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Biological Chemistry

Chaperone Folds “Mirror Image” Protein

Natural chaperone protein GroEL can fold both left- and right-handed proteins, might allow synthesis of longer D-proteins

by Celia Henry Arnaud
August 18, 2014 | A version of this story appeared in Volume 92, Issue 33

Ribbon structures of D and L versions of DapA and the chaperone GroEL/ES
Credit: Michael Kay
The chaperone protein GroEL/ES can guide the folding of both D- and L-proteins.

Proteins made exclusively of D-amino acids—rather than naturally occurring L-amino acids—are attractive as potential therapeutics because they resist enzymatic degradation and reduce immune responses in the body. As the methods for synthesizing these “mirror image” proteins improve, scientists are able to make increasingly larger versions. But they then face the challenge that these bulky proteins might not be able to fold properly without help.

As proteins “get larger and larger, it’s more likely that they depend on a chaperone for efficient folding,” says Michael S. Kay, a biochemist at the University of Utah School of Medicine who focuses on d-peptide therapeutics. After painstakingly synthesizing one of these large molecules, he adds, “we don’t want to be left holding the bag at the end with a beautiful protein that can’t fold and therefore we can’t use.”

So the question arises whether naturally occurring chaperone proteins can fold mirror-image proteins as well as their l-amino acid counterparts. Kay hoped that GroEL/ES, which is a chaperone protein complex involved in the folding of hundreds of different proteins, would be enough of a generalist to fold mirror-image proteins too.

Kay and his colleagues found that GroEL/ES is indeed “ambidextrous.” They used recombinant GroEL/ES to successfully fold a synthetic mirror-image version of 4-hydroxy-tetrahydrodipicolinate synthase (DapA), the smallest protein they could find that depends on the chaperone and has a functional assay that doesn’t require chiral reagents (Proc. Natl. Acad. Sci. USA 2014, DOI: 10.1073/pnas.1410900111). DapA is also the longest protein chemists have synthesized so far.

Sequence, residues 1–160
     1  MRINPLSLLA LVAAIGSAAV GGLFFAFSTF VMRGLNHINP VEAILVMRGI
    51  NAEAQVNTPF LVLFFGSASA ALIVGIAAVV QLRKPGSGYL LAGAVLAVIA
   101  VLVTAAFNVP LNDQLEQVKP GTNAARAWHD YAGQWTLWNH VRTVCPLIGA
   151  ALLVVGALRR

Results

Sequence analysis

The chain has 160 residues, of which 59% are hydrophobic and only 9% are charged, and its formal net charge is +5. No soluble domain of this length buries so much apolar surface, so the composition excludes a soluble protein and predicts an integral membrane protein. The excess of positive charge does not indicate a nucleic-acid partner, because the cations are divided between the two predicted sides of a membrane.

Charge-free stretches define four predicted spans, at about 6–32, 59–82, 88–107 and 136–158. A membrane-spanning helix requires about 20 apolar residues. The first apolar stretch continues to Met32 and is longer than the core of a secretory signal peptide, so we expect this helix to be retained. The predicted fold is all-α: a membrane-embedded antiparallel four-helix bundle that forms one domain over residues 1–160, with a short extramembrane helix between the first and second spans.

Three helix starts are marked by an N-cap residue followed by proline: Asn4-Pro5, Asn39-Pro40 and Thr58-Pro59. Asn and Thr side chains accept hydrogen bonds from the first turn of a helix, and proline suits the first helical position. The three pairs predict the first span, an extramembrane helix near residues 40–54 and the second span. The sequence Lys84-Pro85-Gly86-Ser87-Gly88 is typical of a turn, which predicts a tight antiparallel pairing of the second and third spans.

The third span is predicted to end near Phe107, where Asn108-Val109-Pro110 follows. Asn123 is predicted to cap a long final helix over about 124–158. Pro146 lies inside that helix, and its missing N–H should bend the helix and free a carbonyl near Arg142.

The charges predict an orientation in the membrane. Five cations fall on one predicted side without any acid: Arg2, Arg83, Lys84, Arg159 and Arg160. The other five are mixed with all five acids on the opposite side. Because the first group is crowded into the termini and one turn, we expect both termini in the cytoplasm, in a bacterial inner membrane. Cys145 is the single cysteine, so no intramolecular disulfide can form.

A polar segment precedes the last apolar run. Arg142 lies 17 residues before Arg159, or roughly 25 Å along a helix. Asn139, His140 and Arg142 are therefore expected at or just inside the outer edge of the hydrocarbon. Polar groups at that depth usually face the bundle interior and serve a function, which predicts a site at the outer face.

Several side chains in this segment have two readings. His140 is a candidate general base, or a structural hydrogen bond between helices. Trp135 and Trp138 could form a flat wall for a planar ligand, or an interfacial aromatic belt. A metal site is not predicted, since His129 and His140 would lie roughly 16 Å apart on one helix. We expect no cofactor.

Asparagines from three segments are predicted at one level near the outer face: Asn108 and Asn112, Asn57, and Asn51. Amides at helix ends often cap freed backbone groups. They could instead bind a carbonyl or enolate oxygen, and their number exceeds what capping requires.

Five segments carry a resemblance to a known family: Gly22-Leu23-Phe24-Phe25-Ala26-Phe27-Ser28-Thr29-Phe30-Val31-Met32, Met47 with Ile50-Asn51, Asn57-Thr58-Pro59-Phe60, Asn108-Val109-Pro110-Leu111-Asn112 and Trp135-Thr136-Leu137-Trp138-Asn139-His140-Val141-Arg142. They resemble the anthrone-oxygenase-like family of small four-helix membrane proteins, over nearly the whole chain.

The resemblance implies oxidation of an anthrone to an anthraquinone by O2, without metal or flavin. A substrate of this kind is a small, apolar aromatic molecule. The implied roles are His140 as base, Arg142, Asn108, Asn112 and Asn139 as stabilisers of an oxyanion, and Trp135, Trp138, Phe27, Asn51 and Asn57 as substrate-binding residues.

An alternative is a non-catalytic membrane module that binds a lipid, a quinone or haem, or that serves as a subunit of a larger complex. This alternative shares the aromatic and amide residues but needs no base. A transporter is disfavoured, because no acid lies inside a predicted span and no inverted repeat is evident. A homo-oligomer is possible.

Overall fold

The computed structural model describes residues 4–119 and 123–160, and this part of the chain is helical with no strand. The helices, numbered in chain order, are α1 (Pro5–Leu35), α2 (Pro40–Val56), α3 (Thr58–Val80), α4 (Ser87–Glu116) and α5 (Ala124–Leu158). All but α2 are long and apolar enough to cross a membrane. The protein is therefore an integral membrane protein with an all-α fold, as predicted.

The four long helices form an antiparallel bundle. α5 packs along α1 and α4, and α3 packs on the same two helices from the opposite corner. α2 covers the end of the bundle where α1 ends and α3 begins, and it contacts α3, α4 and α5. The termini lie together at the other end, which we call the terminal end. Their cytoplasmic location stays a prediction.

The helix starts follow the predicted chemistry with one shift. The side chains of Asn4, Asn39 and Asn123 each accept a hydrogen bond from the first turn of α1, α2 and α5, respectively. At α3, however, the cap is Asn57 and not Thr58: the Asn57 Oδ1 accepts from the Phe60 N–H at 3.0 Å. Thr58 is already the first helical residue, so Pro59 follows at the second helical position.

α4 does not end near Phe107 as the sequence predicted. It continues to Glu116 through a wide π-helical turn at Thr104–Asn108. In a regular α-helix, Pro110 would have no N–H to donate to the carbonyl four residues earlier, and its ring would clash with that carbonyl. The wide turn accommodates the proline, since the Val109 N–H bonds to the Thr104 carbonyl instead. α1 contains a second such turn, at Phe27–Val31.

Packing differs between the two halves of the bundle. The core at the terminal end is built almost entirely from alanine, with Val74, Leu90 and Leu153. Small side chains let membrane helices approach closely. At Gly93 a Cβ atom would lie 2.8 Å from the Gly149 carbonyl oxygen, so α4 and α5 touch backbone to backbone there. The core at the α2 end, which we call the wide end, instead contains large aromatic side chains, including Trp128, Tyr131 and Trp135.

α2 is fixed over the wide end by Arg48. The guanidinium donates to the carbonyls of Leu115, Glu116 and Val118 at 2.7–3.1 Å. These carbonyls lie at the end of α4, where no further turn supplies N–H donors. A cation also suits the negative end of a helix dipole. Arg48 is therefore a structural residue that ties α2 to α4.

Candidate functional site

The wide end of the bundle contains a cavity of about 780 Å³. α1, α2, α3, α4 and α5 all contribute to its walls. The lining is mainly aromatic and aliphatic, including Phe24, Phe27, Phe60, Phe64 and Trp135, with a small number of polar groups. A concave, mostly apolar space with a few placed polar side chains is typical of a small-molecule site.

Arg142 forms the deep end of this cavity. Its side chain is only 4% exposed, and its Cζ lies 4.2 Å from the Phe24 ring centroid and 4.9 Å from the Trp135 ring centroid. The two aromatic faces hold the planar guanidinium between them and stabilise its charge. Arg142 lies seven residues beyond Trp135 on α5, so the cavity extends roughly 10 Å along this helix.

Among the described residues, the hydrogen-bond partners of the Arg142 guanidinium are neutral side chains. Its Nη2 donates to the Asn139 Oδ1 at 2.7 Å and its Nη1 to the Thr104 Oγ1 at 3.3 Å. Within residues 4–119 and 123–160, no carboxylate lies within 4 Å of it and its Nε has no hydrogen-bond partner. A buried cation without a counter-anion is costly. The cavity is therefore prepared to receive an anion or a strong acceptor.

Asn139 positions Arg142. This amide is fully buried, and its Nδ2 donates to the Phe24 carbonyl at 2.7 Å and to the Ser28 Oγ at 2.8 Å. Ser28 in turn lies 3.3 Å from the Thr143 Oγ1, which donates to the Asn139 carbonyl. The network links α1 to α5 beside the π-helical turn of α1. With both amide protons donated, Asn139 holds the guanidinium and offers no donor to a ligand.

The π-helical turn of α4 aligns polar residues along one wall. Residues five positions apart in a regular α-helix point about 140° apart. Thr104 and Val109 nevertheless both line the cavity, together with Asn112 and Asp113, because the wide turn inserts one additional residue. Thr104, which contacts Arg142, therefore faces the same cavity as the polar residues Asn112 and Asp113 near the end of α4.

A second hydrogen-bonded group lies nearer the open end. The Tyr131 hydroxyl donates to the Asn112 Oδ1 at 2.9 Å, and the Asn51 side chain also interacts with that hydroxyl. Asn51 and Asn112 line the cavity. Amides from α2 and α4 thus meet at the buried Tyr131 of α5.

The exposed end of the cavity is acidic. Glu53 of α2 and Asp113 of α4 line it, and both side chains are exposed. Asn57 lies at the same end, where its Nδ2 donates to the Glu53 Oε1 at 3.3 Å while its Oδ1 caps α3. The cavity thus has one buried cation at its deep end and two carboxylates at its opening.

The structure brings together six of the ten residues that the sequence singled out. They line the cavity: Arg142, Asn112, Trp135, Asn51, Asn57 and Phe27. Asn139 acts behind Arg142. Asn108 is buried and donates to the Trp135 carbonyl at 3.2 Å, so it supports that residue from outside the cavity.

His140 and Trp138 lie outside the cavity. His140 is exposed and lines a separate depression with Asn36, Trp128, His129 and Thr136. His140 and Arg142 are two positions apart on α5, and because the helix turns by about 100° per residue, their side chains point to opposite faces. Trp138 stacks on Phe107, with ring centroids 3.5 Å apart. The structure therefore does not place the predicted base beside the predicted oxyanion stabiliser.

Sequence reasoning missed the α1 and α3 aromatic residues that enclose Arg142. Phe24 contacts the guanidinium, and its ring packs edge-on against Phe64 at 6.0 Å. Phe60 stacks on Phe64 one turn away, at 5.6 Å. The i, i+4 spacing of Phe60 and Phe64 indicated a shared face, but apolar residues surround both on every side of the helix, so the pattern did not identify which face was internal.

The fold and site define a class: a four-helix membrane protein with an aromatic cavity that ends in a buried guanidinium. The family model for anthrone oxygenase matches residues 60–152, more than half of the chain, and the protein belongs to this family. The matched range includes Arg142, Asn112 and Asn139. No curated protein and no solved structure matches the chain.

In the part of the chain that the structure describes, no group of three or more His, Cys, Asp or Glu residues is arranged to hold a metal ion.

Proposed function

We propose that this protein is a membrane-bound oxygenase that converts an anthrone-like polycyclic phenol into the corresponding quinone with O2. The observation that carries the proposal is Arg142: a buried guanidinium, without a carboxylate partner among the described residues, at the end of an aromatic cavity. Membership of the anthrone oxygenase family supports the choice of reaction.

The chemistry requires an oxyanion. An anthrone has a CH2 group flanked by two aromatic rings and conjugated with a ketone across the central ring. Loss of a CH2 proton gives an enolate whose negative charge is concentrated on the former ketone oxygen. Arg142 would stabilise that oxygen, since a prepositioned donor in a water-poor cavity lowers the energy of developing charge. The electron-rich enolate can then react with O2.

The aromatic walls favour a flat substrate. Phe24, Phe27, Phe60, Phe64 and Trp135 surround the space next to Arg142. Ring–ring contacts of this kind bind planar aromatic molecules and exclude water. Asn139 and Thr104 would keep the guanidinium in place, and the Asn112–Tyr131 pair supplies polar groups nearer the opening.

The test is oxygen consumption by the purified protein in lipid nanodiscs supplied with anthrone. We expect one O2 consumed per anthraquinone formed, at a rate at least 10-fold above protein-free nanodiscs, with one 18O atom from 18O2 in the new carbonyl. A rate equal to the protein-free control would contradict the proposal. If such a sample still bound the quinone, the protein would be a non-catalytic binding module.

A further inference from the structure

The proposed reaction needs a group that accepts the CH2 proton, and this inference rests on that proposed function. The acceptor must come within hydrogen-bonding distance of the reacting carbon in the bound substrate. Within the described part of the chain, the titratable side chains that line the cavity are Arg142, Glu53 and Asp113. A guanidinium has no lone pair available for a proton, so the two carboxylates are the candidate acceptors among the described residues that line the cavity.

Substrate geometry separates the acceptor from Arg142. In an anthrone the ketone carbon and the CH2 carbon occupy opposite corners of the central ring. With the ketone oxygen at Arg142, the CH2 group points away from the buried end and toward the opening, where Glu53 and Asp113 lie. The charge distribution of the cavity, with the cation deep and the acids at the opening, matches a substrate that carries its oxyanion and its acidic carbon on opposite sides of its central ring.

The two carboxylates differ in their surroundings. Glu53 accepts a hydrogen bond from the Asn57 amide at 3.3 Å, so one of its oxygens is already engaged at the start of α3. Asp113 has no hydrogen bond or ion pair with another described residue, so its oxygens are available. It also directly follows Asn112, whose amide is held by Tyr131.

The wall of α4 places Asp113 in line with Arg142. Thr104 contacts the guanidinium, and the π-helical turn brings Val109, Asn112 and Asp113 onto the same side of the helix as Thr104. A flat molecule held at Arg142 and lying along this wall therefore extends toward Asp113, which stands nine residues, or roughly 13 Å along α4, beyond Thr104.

“We purposely picked a protein that we knew was a worst-case scenario, a protein that really needs chaperone assistance to fold in a cell—without it, it doesn’t fold at all—and used that to determine whether we could get away with using recombinant chaperones to help fold large d-proteins,” Kay says.

The success with DapA gives Kay hope that other d-proteins can also be folded by conventional chaperones. The way to establish GroEL/ES’s generality will be to synthesize a mirror-image version of the chaperone and see whether it too can fold a diverse panel of L- and D-proteins, Kay says. The problem is that such a large cellular machine is beyond the reach of current protein synthesis methods. Although GroEL’s symmetry helps, each subunit has more than 500 amino acids.

Kay’s lab specializes in d-peptide drug design, particularly for antiviral agents. Researchers in the lab discover potential therapeutics by synthesizing mirror-image targets and using them in a phage-display assay. Until now, they’ve been limited to target proteins with about 50 to 100 amino acids.

In the current study, the team pushed the limits of chemical peptide synthesis and native chemical ligation to make both natural and mirror-image versions of DapA, which has 312 amino acids. They used a peptide hydrazide ligation technique developed by Lei Liu’s group at Tsinghua University, in Beijing. The method allowed Kay and coworkers to use an efficient convergent synthesis strategy with fewer steps than would have been necessary with a traditional ligation method.

“This is a fantastic study showing that chaperones are not guided by chirality but rather by general chemical features of amino acid side chains,” says Sachdev Sidhu, a professor at the University of Toronto and cofounder of the D-protein therapeutic company Reflexion Pharmaceuticals. “On the practical end, the work opens up a lot of new opportunities to use natural chaperones to fold synthesized D-proteins, and this should enable both new theoretical studies and potential therapeutic development.”

Kay’s long-term goal is to make an entire cell out of D-proteins and other right-handed molecules. As an intermediate goal, he wants to develop a D-ribosome that could make d-proteins via in vitro translation, eliminating the need for complex chemical protein syntheses.

“What’s nice about the ribosome is that it’s defined; there’s only one subunit that’s larger than 300 residues” in Escherichia coli, Kay says. “We’re getting close to the ability to synthesize each of the individual subunits, which could then be assembled on mirror-image ribosomal RNAs. A D-ribosome would allow us to efficiently synthesize other components of the cell.”


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